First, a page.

May 2, 2012; San Antonio, TX, USA; Utah Jazz forward DeMarre Carroll (3) drives to the basket as San Antonio Spurs guard Gary Neal (back) defends during the second half of game two in the Western Conference quarterfinals of the 2012 NBA Playoffs at the AT&T Center. The Spurs won 114-83. Mandatory Credit: Soobum Im-US PRESSWIRE
You know the play well. It may have been the pinnacle of the Jazz's postseason this year. Everything was down hill from there. Three point 4 seconds left in the first half with the Jazz holding a 50-49 lead. And the Spurs hit a corner three from Matt Bonner as the halftime buzzer sounded. All the Spurs were pretty pumped. They made the shot, took the lead and broke the Jazz players' collective spirits. But also they got just the shot they wanted. It was an epic moment.
The funny thing is that Matt Bonner didn't move a muscle from the time the ball was inbounded 80 feet away to the time he released the shot. He picked his spot, stood there and waited for the pass.
It was one of 59 three point shots Matt Bonner took from the corner this season and he made 29 of them. That is 49%. That is a higher percentage than Kevin Durant shot in the paint this year. That is the same free throw shooting % for Andris Biedrins' career.
But it sums up perfectly what the Jazz need to embrace in their offense: the corner three point shot.
It is a general rule that a corner three point shot is the easiest three pointer to make. At least 79% of all NBA players shoot better percentages from the corner three than from anywhere else. I don't know if it is due to the shorter distance, or the lack of background distortion or a mentality, but side 3 point shots are made more than other 3 pointers. The real question is, how do teams use corner 3 pointers and how does it affect their 3 point shooting overall? Let's break it down team by team from best point shooting teams to worst.
|3 PT % by Location||% of Total 3PA|
|Corner||All Others||That are Corner 3PA|
|1||San Antonio Spurs||42%||38%||.||33%|
|2||Golden State Warriors||46%||37%||.||28%|
|11||Oklahoma City Thunder||41%||35%||.||19%|
|12||Los Angeles Clippers||36%||36%||.||30%|
|14||Portland Trail Blazers||39%||33%||.||32%|
|21||New York Knicks||35%||34%||.||25%|
|22||New Orleans Hornets||37%||37%||.||28%|
|26||Los Angeles Lakers||35%||32%||.||27%|
[Ed. Note -- Just wanted to make this a chart, easier to read. Hope that's okay.]
Some thoughts: Only 4 NBA teams shoot better from non-corner threes than corner threes.
Teams that shot 30% or more of their 3 pointers from the corner: SA, ATL, BOS. HOU, MIA, LAC, POR, DEN, WAS
All of the coaches of these teams other than Houston have direct ties to Gregg Popovich, Pat Riley or George Karl. I think the fact these teams shot a good majority of their threes from the corner is a coaching decision, not accident.
Last year, the Spurs shot 38% of their three pointers from the corner. The hit 40% of their three pointers last year.
The Jazz shoot 25% of their threes from the corner. The league average is 28%.
I feel bad for the Bobcats.
The Chicken or The Egg
The question I am sure you aren't asking yourself right now is, "do teams shoot great 3 point percentages, because they have great three point shooters, or because they have great 3 point strategies?"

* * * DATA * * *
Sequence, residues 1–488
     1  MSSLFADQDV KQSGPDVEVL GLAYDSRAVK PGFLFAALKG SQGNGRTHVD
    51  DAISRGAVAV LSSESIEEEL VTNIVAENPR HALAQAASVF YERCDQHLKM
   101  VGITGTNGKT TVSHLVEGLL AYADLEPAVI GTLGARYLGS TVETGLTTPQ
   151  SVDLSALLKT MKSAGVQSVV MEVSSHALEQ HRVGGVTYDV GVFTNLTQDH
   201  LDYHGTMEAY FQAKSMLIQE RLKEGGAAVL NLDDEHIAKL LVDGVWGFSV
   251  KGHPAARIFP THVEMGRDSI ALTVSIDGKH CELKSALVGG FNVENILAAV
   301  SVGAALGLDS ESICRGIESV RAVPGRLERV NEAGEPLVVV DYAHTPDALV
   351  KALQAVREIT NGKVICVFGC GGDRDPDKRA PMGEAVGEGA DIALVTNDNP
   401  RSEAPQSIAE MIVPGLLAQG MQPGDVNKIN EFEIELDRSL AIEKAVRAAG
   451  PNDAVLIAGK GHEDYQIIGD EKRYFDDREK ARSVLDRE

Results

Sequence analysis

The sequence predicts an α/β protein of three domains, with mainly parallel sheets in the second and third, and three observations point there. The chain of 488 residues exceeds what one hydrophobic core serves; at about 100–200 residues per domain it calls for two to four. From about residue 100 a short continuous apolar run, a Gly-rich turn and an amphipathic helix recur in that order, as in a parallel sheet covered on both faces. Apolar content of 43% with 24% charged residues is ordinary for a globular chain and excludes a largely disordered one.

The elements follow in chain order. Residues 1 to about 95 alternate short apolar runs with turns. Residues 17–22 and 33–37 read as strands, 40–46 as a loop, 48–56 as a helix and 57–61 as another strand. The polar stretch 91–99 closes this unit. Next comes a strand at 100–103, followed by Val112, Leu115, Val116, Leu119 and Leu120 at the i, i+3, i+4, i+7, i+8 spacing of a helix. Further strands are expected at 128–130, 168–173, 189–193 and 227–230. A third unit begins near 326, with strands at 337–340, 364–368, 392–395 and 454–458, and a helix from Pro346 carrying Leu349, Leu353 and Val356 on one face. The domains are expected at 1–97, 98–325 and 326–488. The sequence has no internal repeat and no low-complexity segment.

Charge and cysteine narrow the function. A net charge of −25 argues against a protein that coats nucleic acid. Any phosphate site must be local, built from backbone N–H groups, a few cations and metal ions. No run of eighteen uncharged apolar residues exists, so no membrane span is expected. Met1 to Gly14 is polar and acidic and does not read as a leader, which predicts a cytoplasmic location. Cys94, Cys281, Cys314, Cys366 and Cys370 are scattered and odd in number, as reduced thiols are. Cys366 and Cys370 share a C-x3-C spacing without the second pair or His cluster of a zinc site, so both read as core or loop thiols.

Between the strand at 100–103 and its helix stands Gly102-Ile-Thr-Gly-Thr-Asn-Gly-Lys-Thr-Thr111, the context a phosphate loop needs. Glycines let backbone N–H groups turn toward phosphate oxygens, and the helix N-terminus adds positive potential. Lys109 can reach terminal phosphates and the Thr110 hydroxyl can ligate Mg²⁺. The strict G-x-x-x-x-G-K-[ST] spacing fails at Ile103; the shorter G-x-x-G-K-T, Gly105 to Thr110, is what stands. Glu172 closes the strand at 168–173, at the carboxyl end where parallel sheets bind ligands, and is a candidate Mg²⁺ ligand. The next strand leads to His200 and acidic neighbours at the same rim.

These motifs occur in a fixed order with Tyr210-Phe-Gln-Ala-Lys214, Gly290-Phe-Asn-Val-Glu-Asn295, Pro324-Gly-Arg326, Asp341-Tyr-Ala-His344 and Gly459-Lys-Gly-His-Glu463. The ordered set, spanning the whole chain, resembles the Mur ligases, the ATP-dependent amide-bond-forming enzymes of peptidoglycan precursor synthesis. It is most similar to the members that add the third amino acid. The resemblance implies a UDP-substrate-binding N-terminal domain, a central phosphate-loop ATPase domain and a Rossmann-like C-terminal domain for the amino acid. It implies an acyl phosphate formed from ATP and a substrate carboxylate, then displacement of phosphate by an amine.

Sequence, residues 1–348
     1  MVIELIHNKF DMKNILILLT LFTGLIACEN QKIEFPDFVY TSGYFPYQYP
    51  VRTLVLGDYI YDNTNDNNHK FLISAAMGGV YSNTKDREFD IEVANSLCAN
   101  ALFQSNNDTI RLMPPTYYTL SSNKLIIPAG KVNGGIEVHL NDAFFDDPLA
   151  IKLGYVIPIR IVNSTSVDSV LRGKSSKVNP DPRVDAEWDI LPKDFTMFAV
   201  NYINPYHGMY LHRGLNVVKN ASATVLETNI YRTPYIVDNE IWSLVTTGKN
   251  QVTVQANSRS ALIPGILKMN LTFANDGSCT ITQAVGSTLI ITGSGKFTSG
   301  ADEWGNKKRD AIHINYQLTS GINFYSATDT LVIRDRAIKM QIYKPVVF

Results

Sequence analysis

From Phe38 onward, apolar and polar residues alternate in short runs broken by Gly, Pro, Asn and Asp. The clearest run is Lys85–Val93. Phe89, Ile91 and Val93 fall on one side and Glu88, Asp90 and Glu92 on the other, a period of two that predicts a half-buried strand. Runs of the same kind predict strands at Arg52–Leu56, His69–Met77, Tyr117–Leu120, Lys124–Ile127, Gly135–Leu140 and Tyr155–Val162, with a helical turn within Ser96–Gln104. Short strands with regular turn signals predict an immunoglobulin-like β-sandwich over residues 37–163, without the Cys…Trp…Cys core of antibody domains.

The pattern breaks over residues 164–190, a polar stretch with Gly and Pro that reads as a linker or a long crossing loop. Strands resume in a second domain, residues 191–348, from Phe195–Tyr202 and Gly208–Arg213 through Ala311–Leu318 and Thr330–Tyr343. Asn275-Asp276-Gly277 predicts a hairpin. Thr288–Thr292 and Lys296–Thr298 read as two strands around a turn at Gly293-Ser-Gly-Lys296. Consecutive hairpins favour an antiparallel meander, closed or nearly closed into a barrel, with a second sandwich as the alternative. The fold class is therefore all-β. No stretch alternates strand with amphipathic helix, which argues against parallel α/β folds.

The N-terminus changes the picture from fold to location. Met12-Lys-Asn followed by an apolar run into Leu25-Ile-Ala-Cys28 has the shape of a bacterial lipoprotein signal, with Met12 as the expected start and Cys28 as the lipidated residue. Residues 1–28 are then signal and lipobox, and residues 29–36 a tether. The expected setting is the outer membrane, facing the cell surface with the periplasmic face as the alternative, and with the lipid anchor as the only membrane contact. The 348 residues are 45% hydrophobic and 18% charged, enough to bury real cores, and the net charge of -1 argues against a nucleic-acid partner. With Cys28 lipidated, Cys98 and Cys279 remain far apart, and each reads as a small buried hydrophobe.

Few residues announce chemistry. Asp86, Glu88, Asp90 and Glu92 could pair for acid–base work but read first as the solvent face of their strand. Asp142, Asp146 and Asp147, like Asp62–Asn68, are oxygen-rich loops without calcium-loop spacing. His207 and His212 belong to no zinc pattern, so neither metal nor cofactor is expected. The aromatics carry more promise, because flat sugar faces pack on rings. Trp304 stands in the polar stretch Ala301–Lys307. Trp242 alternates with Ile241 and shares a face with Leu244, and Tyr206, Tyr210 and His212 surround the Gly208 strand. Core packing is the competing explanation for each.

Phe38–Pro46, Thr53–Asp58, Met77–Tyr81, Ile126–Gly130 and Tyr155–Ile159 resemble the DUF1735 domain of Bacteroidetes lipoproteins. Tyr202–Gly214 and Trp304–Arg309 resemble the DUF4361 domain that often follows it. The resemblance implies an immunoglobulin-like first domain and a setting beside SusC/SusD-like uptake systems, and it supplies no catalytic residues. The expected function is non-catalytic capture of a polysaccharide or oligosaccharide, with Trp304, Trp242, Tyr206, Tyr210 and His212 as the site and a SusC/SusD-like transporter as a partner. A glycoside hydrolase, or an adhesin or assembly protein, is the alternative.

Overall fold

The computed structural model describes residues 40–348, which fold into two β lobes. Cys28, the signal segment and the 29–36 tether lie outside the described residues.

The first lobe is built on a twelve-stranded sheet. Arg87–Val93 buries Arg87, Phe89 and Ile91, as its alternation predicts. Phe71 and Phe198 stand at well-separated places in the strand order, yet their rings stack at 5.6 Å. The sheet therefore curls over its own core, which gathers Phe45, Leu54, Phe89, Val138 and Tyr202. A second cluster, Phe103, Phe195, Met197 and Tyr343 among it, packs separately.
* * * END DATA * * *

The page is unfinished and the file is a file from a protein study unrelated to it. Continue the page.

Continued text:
I think it's probably more important to have great 3 point shooters, but I also believe you can create great 3 point shooters. Obviously San Antonio is the golden standard in the league with the way they create corner 3 pointers. Every Spur shoots a higher percentage from the corner than from non-corner 3s. And they shoot the highest percentage of corner 3s than any team in the NBA. They also have 3 of the 10 most accurate three point shooters in the league over the last 3 years: Matt Bonner, Gary Neal and Danny Green.
The Curious Case of Danny Green
Danny Green was a very good player for a championship North Carolina Tarheel team. He played four years at UNC and was drafted by the Cavaliers in 2009 in the late second round. He played 100 total minutes his rookie year for the Cavaliers and shot 6-22 from the three point line (27%). Before his second year, the Cavs waived him and the Spurs picked him up. He practiced with the Spurs for two weeks and then they waived him. Later last season, the Spurs resigned Green and he ended up shooting 7-19 (37%) from the three point line.
This season he played 23 minutes a night for the Spurs. Here is how he did from the 3 point line:
Danny Green has become a good three point shooter from all over. Last season he shot 39% of his three pointers from the corner. This season he shot 40% of his three point attempts from the corner. His rookie season he shot 31% of his threes from the corner.
Certainly hard work helped Danny Green improve his 3 point shot. But I am positive that the Spurs let him know where he would be getting his three point looks and I am sure that he worked on shooting threes from the corner. And his ability to shoot corner threes has spread out to other areas.
The spurs did the same with Bruce Bowen to a certain extent.
I guess my main point, is that you can create great three point shooters.
So What About the Jazz?
You can't ask Gordon Hayward or Alec Burks to become three point specialists. You can ask them to improve and more importantly you can tell them in advance where you plan to get them open three pointers so they know where to practice shots. But fringe NBA players, who want to work hard and stay in the league? Those guys would kill for the opportunity to become 3 point shooters. The Jazz have a couple of guys on the roster that fit this mold: DeMarre Carroll and Jeremy Evans. If I am Tyrone Corbin, I am going to Jeremy and Demarre and I am telling them to practice three pointers from whatever spot. For the Jazz it would probably be the wing. But if Carroll and Evans could practice shots from that very spot, they could improve. They could be the next Danny Green.